Lineage and the constructive imagination

The birth of historical linguistics

Authored by: Roger Lass

The Routledge Handbook of Historical Linguistics

Print publication date:  June  2014
Online publication date:  March  2015

Print ISBN: 9780415527897
eBook ISBN: 9781315794013
Adobe ISBN: 9781317743248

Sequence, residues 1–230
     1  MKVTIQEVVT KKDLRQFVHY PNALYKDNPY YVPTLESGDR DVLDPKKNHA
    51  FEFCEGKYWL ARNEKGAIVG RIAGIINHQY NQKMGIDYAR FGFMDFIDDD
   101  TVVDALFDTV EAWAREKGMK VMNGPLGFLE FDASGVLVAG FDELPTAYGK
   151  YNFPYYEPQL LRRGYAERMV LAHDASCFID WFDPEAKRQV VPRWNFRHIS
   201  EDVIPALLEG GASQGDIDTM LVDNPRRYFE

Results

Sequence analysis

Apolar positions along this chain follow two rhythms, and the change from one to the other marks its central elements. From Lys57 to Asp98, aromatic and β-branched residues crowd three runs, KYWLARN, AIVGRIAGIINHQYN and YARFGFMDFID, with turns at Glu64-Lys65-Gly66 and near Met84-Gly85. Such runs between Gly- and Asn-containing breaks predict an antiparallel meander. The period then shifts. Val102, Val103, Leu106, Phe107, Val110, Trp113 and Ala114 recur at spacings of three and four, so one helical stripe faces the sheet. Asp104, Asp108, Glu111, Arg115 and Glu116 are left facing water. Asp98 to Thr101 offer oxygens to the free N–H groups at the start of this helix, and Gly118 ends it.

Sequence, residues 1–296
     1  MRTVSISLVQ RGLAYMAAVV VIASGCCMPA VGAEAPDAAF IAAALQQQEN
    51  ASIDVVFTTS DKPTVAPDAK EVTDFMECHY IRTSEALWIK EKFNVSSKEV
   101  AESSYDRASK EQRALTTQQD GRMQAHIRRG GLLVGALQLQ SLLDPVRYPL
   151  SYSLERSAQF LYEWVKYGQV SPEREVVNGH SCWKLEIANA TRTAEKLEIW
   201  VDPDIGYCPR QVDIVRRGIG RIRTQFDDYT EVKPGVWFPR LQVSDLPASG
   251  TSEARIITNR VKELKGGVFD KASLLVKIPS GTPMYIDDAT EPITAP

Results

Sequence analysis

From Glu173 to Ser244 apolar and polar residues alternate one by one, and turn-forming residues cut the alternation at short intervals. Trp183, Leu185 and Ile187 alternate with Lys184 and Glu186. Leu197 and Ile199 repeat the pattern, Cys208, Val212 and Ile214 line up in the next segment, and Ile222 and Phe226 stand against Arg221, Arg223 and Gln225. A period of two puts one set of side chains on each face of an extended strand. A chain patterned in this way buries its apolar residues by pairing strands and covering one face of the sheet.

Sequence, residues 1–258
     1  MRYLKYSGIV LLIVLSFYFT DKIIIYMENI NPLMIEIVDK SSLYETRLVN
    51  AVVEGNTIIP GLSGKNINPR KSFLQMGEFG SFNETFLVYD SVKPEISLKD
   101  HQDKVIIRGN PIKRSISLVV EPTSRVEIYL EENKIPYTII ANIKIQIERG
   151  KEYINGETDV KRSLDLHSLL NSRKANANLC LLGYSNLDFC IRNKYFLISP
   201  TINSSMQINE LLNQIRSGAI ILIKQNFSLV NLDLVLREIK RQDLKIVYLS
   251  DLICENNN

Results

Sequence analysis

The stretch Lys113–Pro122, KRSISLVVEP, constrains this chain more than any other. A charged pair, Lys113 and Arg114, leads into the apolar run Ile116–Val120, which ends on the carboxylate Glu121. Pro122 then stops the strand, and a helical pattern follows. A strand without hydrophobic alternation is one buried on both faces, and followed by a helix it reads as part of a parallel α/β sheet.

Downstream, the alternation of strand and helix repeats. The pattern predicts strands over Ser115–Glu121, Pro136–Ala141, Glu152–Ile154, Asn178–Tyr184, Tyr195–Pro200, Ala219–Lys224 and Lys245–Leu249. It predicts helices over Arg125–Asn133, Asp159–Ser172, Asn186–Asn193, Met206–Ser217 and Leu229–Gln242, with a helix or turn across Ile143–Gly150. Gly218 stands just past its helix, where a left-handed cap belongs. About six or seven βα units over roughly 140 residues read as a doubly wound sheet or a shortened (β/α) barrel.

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My topic is too complex for the allotted word limit. So rather than aiming at exhaustiveness, 1 I confine myself to two major intersecting themes: the notion of genealogy, and the possibility of reconstruction, with emphasis on the latter. I will therefore neglect at least two important topics: (a) the relation of linguistics to the life sciences; this includes the debate, especially prominent in the 1860s, over whether language is an ‘organism’ and should be treated as a biological object rather than human action in society; 2 and (b) the ‘romantic’ elements of the subject. 3 This will rather be ‘great moments in early historical linguistics’, with the emphasis on those conceptual innovations that approach, or are ancestral to, what is now considered ‘mainstream’. This is not ‘Whig history’, evaluating past works according to how closely they approach the ‘goal’ of being modern; rather an attempt at describing and contextualising the early days of our craft, and incidentally revaluing some early work and showing how much older some of our fundamental ideas are than we habitually think.

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